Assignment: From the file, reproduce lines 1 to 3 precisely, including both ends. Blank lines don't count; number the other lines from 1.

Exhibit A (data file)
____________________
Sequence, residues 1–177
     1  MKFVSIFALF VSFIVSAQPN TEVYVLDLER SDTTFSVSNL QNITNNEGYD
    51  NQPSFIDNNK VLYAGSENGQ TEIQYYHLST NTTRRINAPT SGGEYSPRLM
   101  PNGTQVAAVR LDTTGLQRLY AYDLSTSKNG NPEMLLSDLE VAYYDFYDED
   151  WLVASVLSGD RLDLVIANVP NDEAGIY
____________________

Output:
Sequence, residues 1–177
     1  MKFVSIFALF VSFIVSAQPN TEVYVLDLER SDTTFSVSNL QNITNNEGYD
    51  NQPSFIDNNK VLYAGSENGQ TEIQYYHLST NTTRRINAPT SGGEYSPRLM